The HCA Red List of Endangered Crafts

 

Free reed instrument making

 

The making of free reed wind instruments, including accordions, melodeons, concertinas and harmonicas.

 

Status Endangered
Craft category
Historic area of significance London
Area currently practised UK – generally the South of England
Origin in the UK 19th century
Current no. of professionals (main income) 6-8
Current no. of professionals (sideline to main income)
Current no. of trainees
Current total no. serious amateur makers
1 – Geoffrey Crabb is retired and sometimes makes concertinas for fun
Current total no. of leisure makers
Minimum no. of craftspeople required

 

History

A free reed aerophone is a musical instrument that produces sound as air flows past a vibrating reed in a frame. Air pressure is typically generated by breath or with a bellows. Various free reed instruments have been invented since antiquity.

The accordion was introduced from Germany into Britain in about the year 1828. The instrument was noted in The Times in 1831 as one new to British audiences and was not favourably reviewed, but nevertheless it soon became popular. Other accordions appeared, some featuring only the right-handed keyboard for playing melodies. It took English inventor Charles Wheatstone to bring both chords and keyboard together in one squeezebox. His 1844 patent for what he called a concertina also featured the ability to easily tune the reeds from the outside with a simple tool.

Further innovations followed and continue to the present. Various buttonboard and keyboard systems have been developed, as well as voicings (the combination of multiple tones at different octaves), with mechanisms to switch between different voices during performance, and different methods of internal construction to improve tone, stability and durability.

 

Techniques

  • Metal working
  • Wood working
  • leather working
  • Industrial design
  • Illustration
  • Musical competence

 

Local forms

 

 

Sub-crafts

  • Accordion making
  • Melodeon making
  • Concertina making
  • Harmonica making

 

Issues affecting the viability of the craft

  • Despite there being a good market for making and repairing these instruments at the moment, often the dealer takes a significant percentage of the cost price.
  • Traditionally made concertinas using individual reeds that consist of five pieces per reed, with two reeds and two leather valves used for each button (for push and pull notes) are very labour intensive and consequently very expensive with makers having in some cases ten year waiting lists.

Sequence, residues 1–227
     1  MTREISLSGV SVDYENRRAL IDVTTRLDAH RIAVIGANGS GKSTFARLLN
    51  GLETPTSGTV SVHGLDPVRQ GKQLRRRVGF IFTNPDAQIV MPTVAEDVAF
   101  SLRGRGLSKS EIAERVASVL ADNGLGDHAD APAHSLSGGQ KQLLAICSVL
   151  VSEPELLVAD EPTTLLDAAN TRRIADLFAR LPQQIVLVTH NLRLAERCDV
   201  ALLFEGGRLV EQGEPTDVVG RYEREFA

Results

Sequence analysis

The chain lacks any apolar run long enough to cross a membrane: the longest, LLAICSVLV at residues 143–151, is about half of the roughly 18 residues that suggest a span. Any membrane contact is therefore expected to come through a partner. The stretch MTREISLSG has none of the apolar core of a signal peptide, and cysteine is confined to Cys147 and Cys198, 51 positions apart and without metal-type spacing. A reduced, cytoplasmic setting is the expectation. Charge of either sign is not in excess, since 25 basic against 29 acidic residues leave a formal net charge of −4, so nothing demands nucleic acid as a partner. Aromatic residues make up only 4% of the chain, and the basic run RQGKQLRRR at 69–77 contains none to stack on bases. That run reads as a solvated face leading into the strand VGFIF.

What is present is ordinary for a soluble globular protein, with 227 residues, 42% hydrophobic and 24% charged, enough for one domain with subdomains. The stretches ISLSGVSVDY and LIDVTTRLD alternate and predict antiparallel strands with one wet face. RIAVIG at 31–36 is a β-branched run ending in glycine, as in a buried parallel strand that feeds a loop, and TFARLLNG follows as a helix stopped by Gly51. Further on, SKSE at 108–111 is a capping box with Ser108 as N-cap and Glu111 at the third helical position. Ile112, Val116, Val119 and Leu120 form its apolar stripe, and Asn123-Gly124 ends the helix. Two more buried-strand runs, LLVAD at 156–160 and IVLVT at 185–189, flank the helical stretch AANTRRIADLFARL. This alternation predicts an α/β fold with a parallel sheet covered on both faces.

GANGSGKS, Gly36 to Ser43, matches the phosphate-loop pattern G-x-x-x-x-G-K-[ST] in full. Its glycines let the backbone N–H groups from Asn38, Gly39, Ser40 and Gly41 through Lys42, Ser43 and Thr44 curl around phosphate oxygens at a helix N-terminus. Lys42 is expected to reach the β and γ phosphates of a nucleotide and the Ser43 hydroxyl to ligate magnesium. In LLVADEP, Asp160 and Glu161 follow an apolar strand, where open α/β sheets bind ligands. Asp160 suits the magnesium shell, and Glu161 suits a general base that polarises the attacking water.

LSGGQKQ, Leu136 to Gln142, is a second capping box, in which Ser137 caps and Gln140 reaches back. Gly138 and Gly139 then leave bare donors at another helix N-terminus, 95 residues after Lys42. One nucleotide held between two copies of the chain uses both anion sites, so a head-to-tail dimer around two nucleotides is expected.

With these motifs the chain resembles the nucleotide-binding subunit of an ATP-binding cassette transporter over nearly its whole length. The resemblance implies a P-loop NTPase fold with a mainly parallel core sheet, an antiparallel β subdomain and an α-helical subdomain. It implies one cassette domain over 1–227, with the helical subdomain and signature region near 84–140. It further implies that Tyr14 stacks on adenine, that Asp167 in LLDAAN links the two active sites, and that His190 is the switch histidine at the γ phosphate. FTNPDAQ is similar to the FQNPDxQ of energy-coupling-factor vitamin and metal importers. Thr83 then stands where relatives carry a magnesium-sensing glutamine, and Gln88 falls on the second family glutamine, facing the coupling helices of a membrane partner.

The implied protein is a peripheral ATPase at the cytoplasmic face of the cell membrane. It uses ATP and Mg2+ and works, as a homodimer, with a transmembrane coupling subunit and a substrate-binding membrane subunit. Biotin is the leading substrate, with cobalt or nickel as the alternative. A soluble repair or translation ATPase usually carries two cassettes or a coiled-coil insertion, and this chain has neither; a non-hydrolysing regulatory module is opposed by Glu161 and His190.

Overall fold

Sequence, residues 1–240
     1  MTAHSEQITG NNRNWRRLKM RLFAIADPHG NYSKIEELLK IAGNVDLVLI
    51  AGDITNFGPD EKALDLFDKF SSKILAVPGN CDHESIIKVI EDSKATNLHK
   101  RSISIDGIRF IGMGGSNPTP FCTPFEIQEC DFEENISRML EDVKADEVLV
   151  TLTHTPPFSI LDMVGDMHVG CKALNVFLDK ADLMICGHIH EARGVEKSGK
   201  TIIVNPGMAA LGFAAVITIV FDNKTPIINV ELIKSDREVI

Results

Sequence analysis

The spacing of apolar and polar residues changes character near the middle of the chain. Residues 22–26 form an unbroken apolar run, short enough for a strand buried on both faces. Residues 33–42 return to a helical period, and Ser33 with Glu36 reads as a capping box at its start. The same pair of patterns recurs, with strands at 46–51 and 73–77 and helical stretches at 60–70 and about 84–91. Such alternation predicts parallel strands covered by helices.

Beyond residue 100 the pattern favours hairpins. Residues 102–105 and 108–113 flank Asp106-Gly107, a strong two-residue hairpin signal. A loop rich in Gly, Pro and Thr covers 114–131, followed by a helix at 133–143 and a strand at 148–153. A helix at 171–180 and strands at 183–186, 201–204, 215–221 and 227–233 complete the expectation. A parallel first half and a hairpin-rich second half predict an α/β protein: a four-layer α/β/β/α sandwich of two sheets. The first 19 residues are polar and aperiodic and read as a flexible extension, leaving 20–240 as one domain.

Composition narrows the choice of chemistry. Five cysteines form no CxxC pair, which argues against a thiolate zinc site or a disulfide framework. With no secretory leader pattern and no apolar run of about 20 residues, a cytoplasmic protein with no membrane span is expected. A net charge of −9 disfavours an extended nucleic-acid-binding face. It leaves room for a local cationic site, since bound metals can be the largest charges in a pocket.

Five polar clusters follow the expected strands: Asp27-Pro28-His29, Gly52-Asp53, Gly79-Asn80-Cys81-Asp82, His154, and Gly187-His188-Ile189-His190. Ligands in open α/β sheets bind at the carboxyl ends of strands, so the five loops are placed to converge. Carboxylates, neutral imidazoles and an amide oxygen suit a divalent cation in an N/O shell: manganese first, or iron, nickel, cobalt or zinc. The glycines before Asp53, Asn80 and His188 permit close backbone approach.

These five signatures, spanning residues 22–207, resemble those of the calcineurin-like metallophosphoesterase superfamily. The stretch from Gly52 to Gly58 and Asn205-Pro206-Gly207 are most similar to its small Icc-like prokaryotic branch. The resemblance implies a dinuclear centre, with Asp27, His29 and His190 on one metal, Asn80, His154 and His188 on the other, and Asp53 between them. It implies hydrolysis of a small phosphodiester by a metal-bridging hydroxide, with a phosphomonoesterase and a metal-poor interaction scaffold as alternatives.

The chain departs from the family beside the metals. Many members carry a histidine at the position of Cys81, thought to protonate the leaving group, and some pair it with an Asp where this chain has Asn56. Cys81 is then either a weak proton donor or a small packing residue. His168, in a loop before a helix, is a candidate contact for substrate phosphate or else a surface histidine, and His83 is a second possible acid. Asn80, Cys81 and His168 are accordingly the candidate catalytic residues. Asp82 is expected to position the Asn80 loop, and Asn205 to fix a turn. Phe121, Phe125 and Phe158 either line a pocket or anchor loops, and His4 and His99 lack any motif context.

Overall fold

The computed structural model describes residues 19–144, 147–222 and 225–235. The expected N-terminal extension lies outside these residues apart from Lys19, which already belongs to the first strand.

• Most materials (brass, aluminium and steel and many woods and leathers) come from the EU or further afield. There is a possibility that if we leave the single market that many materials such as goat leather and certain woods will be more expensive to import but at the moment no one really knows what will happen.
  • There is no formal education route to learning the craft, and none of the existing makers currently have an apprentice.

 

Support organisations

 

 

Craftspeople currently known

  • Steve Dickinson, Wheatstone – concertinas
  • Jake Middleton-Metcalfe – recently started hand making concertinas but only on his more advanced instruments
  • Alex Holden – another relatively new maker who has started making concertinas
  • C & R Dipper and Son Concertinas

The following makers use a combination of fabricated and bought components.

  • Andrew Norman – makes concertinas of his own design using Italian reeds and repairs a range of free reed instruments
  • Marcus Butler – concertinas
  • Anthony James – produces concertinas regularly but not as a sole income
  • Jake Middleton-Metcalfe – also makes instruments from Italian reeds
  • Paul Harvey

There is a list of concertina makers on the concertina.info website.

Melodeons and accordions have always been assembled by different companies, with specialist firms making and supplying reeds, buttons, bellows etc. The harmonium (reed organ), made in huge numbers in Victorian times, hasn’t been made in the UK for many years.

 

Other information

While there are relatively few concertina makers the number has been seen to be stable over the last 40 years.

 

References